By John Foley
NEW YORK (Reuters Breakingviews) - The fact that South Dakota’s official visitor website is available in Chinese speaks volumes about the links between the United States and the People’s Republic. Levies on Chinese TVs and microscopes, and U.S. soybeans and ginseng, threaten direct economic damage to both economies. But a reduction in the number of Chinese visitors to the United States, which has already begun, could hit a nerve that trade tariffs don’t reach.
President Donald Trump is intent on having a smaller trade deficit with China. Tourism, though, is one area where he can already claim a surplus. When a visitor buys a souvenir, grabs a burger in Trump Tower or parks a car at Mount Rushmore, that transaction is classed as an export. Chinese visitors spent $33 billion on U.S. travel, goods and services in 2016, according to official data, while Americans reciprocated with little more than $5 billion on their travels to the Middle Kingdom.
America’s $28 billion tourism surplus with China meaningfully reduces the overall trade deficit. The equivalent figure for United Kingdom tourism was less than $3 billion in 2016. The United States’ entire agricultural trade surplus was just $21 billion in 2017. The export value of U.S. soybeans – one of the products China is now punishing with its retaliatory trade tariffs – to every country in the world barely topped $22 billion.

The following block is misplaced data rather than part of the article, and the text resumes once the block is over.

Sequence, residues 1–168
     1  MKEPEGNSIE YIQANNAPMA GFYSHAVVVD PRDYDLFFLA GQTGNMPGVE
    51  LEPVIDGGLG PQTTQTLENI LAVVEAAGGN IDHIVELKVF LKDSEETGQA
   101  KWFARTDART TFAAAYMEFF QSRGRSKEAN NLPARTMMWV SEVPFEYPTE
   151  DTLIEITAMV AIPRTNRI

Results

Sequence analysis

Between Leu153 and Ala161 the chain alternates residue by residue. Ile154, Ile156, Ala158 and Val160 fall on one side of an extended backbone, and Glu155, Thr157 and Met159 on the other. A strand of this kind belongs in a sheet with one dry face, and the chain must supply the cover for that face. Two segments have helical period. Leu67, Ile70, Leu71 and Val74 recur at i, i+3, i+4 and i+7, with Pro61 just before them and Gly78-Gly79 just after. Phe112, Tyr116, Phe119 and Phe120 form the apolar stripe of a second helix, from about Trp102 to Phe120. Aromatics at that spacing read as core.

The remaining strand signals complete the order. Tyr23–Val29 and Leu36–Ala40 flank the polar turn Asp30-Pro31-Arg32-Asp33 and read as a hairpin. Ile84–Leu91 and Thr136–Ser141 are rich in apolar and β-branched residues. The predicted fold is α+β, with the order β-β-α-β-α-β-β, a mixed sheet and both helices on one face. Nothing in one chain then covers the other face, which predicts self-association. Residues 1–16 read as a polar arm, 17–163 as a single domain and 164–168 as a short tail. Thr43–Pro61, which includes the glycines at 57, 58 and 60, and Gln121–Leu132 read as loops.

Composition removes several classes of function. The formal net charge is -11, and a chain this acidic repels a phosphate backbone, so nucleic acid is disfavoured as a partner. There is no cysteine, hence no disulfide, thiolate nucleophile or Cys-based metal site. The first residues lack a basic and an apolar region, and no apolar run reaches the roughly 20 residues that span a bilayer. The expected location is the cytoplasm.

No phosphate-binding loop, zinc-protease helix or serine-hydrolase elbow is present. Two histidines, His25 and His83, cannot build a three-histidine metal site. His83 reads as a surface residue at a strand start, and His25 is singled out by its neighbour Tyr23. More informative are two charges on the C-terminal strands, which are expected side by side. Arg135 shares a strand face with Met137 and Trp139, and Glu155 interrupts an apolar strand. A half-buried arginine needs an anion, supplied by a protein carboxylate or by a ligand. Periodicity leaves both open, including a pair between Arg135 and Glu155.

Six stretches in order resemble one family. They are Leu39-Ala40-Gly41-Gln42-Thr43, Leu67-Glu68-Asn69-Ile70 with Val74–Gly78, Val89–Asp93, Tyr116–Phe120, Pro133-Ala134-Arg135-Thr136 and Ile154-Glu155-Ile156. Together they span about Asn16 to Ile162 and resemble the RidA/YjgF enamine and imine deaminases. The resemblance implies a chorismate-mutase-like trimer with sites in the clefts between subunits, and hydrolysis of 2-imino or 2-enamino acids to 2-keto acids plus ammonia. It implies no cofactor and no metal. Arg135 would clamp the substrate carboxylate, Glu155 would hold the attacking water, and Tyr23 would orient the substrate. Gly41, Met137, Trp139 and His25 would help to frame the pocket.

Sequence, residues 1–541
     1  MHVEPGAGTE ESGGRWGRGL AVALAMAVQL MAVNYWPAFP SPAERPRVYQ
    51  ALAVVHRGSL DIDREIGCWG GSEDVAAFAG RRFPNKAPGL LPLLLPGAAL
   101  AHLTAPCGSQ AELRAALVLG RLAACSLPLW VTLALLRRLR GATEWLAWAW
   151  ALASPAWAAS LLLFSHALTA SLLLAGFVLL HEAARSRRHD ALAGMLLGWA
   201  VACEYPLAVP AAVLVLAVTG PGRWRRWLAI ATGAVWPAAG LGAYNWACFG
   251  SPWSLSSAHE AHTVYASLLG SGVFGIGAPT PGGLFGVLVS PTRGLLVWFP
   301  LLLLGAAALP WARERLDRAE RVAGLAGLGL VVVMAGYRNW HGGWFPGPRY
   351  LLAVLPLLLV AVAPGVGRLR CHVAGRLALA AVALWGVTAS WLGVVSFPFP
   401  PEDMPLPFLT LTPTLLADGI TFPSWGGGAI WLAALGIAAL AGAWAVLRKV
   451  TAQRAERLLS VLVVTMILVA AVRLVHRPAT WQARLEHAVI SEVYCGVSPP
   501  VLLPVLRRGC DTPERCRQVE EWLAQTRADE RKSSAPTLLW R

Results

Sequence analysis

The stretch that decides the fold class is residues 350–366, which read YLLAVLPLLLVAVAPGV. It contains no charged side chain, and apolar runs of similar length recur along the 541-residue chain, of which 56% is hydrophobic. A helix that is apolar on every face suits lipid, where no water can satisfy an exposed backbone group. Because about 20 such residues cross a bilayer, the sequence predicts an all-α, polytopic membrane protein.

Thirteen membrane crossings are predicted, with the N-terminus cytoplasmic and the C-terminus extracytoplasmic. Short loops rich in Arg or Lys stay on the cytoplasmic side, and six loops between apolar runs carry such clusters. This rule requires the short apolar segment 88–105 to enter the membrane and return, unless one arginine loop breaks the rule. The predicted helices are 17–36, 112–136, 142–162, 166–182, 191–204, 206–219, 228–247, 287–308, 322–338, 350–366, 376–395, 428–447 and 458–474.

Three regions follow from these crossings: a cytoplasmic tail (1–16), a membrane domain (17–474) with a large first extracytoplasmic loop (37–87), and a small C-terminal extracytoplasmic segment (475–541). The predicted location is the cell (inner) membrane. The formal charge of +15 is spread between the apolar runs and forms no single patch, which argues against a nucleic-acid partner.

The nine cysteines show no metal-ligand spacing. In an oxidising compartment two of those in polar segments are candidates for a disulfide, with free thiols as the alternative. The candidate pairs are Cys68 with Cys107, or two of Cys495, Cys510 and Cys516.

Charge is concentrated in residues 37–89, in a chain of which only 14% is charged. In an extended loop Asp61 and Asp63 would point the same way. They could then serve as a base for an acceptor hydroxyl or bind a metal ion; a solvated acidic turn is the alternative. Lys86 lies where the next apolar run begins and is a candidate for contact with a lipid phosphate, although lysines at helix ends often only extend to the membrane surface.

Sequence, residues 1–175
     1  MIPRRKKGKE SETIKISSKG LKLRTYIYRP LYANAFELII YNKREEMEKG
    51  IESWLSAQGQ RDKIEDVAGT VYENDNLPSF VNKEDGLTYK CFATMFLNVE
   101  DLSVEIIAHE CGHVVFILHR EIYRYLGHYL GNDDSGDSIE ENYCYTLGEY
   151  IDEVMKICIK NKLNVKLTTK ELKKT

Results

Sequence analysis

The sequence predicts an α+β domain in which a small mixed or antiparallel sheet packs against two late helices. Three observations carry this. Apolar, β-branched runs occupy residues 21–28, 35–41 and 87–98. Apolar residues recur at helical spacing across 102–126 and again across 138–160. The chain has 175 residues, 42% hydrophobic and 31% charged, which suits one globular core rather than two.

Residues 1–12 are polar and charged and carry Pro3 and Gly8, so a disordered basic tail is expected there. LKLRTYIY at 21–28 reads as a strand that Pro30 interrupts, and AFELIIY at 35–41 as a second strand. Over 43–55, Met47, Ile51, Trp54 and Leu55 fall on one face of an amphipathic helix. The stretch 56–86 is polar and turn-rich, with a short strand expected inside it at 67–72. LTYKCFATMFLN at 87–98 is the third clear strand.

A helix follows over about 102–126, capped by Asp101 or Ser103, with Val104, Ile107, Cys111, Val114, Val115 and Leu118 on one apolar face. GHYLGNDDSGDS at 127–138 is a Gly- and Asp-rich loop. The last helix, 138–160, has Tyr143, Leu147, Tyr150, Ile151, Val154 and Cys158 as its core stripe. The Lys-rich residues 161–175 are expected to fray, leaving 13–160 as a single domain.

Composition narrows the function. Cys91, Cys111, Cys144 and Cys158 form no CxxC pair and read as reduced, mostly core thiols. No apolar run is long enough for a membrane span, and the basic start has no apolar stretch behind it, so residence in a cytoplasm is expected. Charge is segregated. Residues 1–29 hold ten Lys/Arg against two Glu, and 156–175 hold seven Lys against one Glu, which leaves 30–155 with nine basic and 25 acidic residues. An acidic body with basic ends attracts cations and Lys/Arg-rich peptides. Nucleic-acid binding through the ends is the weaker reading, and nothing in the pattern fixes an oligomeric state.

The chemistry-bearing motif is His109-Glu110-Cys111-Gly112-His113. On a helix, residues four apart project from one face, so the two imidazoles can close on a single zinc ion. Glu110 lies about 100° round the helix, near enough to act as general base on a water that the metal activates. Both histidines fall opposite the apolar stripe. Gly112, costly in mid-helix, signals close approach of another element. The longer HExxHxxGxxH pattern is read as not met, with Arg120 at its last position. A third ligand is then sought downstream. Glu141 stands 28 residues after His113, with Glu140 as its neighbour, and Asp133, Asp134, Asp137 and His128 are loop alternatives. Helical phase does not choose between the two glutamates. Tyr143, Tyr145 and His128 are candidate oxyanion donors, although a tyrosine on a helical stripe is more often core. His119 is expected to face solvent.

Chinese tourist arrivals are forecast to reach 4.5 million by 2022 by the U.S. National Travel and Tourism Office. Were they to spend just 10 percent per person more than they did in 2016, that would amount to almost $56 billion, all classed as exports. The additional spending would, all else being equal, knock 8 percent off Trump’s pesky trade deficit with China. Upsetting the tourism market further would work against that.
It will take more than trade tariffs to deter many of the Chinese tourists bent on visiting Saks Fifth Avenue or Amish Village in Pennsylvania. But it would be wrong to underestimate the potential for patriotic travel decisions. Chinese tourism to South Korea plunged when relations were frosty, while campaigns to boycott U.S. companies’ products in China are often successful. From Las Vegas to SeaWorld – whose biggest shareholder is Chinese – a dropoff in visitors from the People’s Republic would be felt quickly. When goods don’t cross borders, tourists may not either.
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